You’d mentioned that you have a background in antiquarian book buying — has that had any bearing on the music you’ve made since then?

Habibion: In the ’90s I was employed for several years by Second Story Books in DC. I was in the band Edsel then and there were lots of other musicians behind the counter. My first day on the job I rode around in a dented cargo van, picking up and dropping off books with Mike Fellows of Rites Of Spring. Mark Haggerty (Gray Matter), Amy Pickering (Fire Party), Alex Daniels (Swiz) and Ian Svenonious were at the Dupont Circle store. Ian was vying for the Sassiest Boy in America title at the time. If someone still has it, there’s a very funny tape of Ian asking other people why he was indeed the Sassiest Boy in America. Anyway, most of the punkers were at the Dupont Circle branch, but I also did time at the Bethesda location, which is where I ended up really learning about old, rare and out-of-print books. John Pamer from Tsunami and I would work together on Sundays and Daniel Kessler (later in Interpol) would bring us treats from the bakery next door, where he was slinging bread pudding and croissants. This was a job that, despite its low hourly wage, had tons of benefits and influence on my life. The social element of it was great for bonding with other people who were part of the same music community—we would recommend various authors to each other and I learned an incredible amount. It was my exposure to Jane Bowles, John Fante, Naguib Mahfouz, William H. Gass, Cynthia Ozick, Mohamed Mrabet, etc. It was also just when everyone was getting rid of their LPs to buy CDs, so the records coming in were pure gold. I was listening to Don Cherry, Alhaji Bai Konte, Meredith Monk, The Ray Draper Quintet, and Townes Van Zandt for the first time. All of that was crucial in helping shape who I am even 30 years later.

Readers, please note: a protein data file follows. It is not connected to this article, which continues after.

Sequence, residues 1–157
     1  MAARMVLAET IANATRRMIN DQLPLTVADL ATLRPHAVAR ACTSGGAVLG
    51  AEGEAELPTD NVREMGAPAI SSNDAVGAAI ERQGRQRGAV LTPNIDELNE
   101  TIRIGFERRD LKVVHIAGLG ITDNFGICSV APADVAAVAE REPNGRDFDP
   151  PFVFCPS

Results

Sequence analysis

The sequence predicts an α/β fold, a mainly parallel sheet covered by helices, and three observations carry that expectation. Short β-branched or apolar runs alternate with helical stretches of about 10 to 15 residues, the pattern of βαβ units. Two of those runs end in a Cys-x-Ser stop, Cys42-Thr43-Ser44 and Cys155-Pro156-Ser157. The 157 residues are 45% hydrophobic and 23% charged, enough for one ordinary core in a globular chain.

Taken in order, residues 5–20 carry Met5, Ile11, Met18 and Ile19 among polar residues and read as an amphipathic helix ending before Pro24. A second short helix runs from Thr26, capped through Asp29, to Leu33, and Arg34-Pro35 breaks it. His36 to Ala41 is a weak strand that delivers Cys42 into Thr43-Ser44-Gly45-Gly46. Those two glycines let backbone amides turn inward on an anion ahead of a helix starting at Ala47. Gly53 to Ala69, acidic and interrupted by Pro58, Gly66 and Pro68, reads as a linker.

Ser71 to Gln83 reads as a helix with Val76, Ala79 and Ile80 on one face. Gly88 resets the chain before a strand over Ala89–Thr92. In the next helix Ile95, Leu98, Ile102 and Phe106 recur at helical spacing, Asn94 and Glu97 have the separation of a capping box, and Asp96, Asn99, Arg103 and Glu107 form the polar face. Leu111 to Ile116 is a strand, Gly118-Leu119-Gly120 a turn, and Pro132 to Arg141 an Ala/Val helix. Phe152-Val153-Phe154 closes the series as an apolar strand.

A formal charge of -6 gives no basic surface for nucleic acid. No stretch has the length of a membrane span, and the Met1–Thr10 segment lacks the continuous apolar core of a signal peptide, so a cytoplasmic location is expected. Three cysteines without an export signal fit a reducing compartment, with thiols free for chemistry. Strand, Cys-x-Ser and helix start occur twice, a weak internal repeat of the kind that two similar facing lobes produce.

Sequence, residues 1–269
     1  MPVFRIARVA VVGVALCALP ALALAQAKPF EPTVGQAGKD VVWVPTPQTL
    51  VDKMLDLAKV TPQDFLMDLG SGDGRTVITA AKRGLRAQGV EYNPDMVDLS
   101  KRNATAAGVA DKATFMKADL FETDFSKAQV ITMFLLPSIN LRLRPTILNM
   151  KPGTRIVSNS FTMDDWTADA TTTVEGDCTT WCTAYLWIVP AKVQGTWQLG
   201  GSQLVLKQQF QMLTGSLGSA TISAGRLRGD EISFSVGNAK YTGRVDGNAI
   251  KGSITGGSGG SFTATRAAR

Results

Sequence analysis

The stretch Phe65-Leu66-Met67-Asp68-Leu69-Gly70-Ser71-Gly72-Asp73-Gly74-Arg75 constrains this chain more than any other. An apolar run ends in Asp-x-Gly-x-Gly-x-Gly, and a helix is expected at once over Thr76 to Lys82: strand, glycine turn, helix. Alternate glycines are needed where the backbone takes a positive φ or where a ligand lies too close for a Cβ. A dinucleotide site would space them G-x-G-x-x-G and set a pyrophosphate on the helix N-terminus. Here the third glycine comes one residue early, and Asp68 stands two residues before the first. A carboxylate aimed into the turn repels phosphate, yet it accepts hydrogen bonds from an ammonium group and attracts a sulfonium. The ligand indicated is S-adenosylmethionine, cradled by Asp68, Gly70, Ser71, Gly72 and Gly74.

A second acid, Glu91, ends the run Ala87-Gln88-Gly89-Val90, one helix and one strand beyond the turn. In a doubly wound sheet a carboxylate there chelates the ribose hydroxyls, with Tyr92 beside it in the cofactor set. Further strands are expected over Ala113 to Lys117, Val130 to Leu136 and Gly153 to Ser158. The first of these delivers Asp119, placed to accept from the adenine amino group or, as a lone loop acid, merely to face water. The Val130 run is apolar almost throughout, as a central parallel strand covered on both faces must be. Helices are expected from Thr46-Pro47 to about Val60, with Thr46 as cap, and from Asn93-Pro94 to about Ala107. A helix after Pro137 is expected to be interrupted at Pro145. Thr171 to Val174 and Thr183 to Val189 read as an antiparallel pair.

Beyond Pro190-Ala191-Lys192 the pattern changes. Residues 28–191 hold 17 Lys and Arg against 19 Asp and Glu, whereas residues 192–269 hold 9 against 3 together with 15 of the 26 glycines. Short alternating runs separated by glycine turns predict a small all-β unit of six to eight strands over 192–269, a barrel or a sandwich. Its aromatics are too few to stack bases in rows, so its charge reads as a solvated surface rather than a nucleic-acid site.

I’d be remiss if I didn’t ask if you had any good stories from that period….

Habibion: Well, aside from goofing around with the other young music people I worked with, undoubtedly the weirdest single thing that happened was the time I found the diary of woman who had committed suicide among the boxes of a book buy I was doing. A regular customer who ordinarily hunted for and picked up multiple copies of the same early ’70s records in mono, stereo and quad—replacing covers or discs with ones in better condition—brought in about 8 boxes of books to trade for store credit. It was enough stuff to go through that I told him to come back in a couple of hours. I came across a notebook as I was sifting through the boxes to figure out what we could actually use [side note: people don’t seem to understand that their decrepit science textbooks from high school or a heavily underlined and dog-eared paperback of Hitchhiker’s Guide to the Galaxy is actually better suited for the recycling bin]. I opened it and saw the scribbled words, “Dear Goddess…” which seemed potentially ripe for comedy, so I started reading it aloud to my coworker. Then it got weirder and weirder and the entries were progressively more chaotic and the writing itself started to change as well. It was clearly the same hand at work, but the letter shapes were getting smaller, the words were closer together, and the direction of the lines became erratic. By this point I was reading it in silence. There were paranoid paragraphs about the diarist’s husband, crude drawings of faces and limbs. The last page with any writing on it just had a few short lines about needing to stop the pain. It was awful. I felt terrible. I was also struggling with what to do when the guy came back. Should I give him the notebook? Should I just throw it away? Had he read it? Did he even know it existed? I’m not happy with the decision I made, but I also don’t know that there was a good one available.

Did I see correctly that one of your songs is used in Marc Masters’s podcast? How did that come together?

Habibion: Yes! He emailed me to ask if he could use our song “Sick Of War” for his podcast, the very aptly named The Music Book Podcast. He’s a great guy and the program is excellent, so we couldn’t be more pleased to be a part of it. Also he gave us a little bit of money, which I only mention because it’s a reflection of his integrity. But, as I write this, I realize that I’m a few episodes behind, so thanks for the reminder to jump back in…


Photo: Taylor Sesselman